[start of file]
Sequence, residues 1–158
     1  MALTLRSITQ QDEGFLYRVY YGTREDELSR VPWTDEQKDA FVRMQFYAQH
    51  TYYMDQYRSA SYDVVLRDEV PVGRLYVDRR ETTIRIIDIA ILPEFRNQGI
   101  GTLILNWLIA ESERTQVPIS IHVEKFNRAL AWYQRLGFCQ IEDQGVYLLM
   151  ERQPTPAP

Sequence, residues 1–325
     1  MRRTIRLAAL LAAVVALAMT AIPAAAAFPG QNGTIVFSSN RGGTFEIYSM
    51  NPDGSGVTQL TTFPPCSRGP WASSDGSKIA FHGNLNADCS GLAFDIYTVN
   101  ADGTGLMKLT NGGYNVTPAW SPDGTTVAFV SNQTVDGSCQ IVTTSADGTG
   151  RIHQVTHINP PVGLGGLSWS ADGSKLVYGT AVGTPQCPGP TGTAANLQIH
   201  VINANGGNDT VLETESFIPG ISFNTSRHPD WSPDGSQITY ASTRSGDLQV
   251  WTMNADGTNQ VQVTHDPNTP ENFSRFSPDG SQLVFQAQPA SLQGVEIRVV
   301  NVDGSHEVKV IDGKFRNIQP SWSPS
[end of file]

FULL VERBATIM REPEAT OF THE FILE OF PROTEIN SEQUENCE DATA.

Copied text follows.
Sequence, residues 1–158
     1  MALTLRSITQ QDEGFLYRVY YGTREDELSR VPWTDEQKDA FVRMQFYAQH
    51  TYYMDQYRSA SYDVVLRDEV PVGRLYVDRR ETTIRIIDIA ILPEFRNQGI
   101  GTLILNWLIA ESERTQVPIS IHVEKFNRAL AWYQRLGFCQ IEDQGVYLLM
   151  ERQPTPAP

Sequence, residues 1–325
     1  MRRTIRLAAL LAAVVALAMT AIPAAAAFPG QNGTIVFSSN RGGTFEIYSM
    51  NPDGSGVTQL TTFPPCSRGP WASSDGSKIA FHGNLNADCS GLAFDIYTVN
   101  ADGTGLMKLT NGGYNVTPAW SPDGTTVAFV SNQTVDGSCQ IVTTSADGTG
   151  RIHQVTHINP PVGLGGLSWS ADGSKLVYGT AVGTPQCPGP TGTAANLQIH
   201  VINANGGNDT VLETESFIPG ISFNTSRHPD WSPDGSQITY ASTRSGDLQV
   251  WTMNADGTNQ VQVTHDPNTP ENFSRFSPDG SQLVFQAQPA SLQGVEIRVV
   301  NVDGSHEVKV IDGKFRNIQP SWSPS